Bean plants are usually considered easy to grow and care for. However, like any plants, there are specific pests and diseases that can affect them. Spider mites and rust fungus are two common afflictions of beans. String, wax, kidney, green, and snap beans are also commonly affected by a disorder known as sunscald. Continue reading to learn more about sunscald in bean plants.
What is Bean Sunscald?
Bean sunscald is a common disorder that it basically just a sunburn. As people, when exposed to too long in intense UV rays, our skin burns. Though plants do not have skin like ours, they can also experience burning or scalding from intense UV rays. Bean plants seem especially susceptible to sunscald.
It first shows up as a bronze or red-brown speckling of the upper leaves of bean plants. In time, these small spots can join together, causing whole leaves to brown. Sunscald can affect any part on the plant, but it is usually most prevalent where the plant receives the most sunlight, at its top.
In extreme cases, leaves may drop or wither and crumble away. From a distance, infected bean plants can look like they have fungal rust, but up close they will not have the powdery brown spores that plants with fungal rust have.
Treating Sunscald on Beans
If a bean plant has sunscald, the sun may not be the only thing to blame. Sunscald in bean plants can be caused by several factors.
- Sometimes, it is simply a reaction to being sprayed with fungicide on hot, sunny days. Spraying of fungicide should always be done on cloudy days or during evening to prevent scorching.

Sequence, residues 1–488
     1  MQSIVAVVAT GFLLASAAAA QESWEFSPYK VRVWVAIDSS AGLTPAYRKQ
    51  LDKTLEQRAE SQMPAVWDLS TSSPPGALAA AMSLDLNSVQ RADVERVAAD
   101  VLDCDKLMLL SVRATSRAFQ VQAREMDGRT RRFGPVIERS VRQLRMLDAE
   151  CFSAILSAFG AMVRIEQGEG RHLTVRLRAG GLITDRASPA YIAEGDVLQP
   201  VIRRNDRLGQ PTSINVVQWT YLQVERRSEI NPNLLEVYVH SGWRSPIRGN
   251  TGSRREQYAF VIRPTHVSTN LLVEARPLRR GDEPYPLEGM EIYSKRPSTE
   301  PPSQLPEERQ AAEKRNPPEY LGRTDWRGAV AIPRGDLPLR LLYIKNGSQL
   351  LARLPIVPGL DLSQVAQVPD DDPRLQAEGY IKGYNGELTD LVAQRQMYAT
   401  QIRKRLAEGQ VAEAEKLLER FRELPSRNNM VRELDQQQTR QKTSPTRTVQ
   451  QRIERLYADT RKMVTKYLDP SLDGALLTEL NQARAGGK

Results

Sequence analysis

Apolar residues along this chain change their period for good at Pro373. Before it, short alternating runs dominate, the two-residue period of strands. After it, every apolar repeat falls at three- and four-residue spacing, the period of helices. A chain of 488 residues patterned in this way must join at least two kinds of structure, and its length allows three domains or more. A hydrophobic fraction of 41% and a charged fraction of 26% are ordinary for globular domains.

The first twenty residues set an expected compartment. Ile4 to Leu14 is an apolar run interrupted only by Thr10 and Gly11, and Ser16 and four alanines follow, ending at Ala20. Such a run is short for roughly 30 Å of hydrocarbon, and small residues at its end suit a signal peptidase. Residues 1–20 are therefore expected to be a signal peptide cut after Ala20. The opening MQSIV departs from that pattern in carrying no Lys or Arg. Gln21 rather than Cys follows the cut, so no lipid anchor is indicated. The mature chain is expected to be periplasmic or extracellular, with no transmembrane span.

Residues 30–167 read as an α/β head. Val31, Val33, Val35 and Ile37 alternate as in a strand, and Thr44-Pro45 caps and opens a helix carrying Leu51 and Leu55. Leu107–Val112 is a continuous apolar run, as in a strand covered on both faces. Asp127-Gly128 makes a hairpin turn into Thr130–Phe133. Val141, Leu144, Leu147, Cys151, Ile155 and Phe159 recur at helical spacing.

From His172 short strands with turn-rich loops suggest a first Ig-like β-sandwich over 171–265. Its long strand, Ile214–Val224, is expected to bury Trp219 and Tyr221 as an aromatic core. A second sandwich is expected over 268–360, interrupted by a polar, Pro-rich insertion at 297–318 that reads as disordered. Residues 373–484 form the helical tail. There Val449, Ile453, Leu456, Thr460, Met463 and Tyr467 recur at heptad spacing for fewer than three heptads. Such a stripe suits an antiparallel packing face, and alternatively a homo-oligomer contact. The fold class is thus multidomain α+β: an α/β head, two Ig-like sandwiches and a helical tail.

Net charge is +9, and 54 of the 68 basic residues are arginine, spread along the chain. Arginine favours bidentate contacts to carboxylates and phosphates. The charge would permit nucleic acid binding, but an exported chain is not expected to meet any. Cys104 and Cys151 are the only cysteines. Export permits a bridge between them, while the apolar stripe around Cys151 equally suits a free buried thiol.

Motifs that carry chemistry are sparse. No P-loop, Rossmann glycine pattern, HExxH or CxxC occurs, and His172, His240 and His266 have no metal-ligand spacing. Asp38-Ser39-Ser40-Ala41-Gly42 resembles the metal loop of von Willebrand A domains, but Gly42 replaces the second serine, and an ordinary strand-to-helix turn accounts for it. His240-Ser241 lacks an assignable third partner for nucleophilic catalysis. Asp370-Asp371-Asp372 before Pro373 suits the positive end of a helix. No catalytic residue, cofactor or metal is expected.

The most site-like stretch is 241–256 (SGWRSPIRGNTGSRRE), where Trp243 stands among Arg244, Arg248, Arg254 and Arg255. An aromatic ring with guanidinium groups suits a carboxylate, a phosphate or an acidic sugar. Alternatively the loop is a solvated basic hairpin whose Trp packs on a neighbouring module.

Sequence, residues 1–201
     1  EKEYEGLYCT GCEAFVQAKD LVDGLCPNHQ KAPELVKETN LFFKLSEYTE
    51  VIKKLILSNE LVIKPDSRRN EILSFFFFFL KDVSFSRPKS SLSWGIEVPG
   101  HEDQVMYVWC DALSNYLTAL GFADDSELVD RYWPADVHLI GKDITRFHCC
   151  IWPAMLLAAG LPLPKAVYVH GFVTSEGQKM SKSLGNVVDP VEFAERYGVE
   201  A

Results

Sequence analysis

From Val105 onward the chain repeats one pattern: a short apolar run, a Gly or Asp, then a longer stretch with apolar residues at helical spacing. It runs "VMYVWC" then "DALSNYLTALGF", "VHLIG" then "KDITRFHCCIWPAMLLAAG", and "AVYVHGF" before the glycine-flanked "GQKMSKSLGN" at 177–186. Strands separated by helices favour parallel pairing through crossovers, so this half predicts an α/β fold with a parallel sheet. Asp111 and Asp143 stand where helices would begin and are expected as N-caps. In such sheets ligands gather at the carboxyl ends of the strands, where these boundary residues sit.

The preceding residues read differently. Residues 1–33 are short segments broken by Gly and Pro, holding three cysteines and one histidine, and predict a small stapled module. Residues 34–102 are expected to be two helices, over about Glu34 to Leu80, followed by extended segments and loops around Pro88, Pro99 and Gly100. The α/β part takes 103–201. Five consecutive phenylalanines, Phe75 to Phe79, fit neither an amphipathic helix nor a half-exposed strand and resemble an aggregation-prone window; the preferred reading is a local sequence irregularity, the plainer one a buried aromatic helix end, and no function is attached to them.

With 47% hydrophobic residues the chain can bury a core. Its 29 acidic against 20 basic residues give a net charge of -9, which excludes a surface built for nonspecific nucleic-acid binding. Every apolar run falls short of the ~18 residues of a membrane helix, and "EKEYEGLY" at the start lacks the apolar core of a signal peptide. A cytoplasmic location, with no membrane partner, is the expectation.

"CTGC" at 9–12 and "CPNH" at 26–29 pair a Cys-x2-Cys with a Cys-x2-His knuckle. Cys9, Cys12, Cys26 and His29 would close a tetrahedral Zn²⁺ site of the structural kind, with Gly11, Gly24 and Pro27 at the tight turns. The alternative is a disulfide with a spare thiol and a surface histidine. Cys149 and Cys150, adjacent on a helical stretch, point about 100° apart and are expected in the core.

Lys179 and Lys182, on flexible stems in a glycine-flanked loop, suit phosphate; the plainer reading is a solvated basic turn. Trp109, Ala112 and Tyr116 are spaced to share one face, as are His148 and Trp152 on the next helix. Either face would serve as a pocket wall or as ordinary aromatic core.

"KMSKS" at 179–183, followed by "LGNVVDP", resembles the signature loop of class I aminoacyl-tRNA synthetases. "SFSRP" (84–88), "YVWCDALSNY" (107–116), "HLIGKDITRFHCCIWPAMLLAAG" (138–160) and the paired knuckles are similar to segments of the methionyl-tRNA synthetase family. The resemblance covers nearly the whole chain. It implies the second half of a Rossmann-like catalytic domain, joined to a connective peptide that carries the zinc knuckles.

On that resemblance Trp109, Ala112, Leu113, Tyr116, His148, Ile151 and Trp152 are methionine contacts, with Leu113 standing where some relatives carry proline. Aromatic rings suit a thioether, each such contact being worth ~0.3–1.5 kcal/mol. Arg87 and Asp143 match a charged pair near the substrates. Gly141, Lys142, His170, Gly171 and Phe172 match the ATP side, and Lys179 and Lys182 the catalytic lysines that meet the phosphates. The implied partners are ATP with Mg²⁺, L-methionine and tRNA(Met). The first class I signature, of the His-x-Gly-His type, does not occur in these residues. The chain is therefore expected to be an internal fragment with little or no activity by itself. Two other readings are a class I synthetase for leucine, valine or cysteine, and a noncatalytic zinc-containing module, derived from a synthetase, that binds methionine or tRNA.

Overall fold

- Bean plants that have been overfertilized with high nitrogen fertilizers are especially susceptible to sunscald. If your bean plant has sunscald, do not use any fertilizer on it. As a preventative measure, always fertilize bean plants with those that have low levels of nitrogen and be sure to follow directions on product labels.
- Sunscald can also be caused by soil that is too moist or drains poorly. When planting bean plants, make sure the site has well-draining soil.
Sunscald on bean plants is most common in spring, when many days of cool, cloudy weather are followed by hot and sunny days. There is no treatment for bean sunscald, but it is usually just a cosmetic problem that doesn’t kill the plant.
Providing dappled afternoon shade for bean plants to shelter them from the hot afternoon rays may help in warm climates. You can pick off badly scalded foliage to make it look better but usually the plant just needs time to adjust to the rising level of sunlight.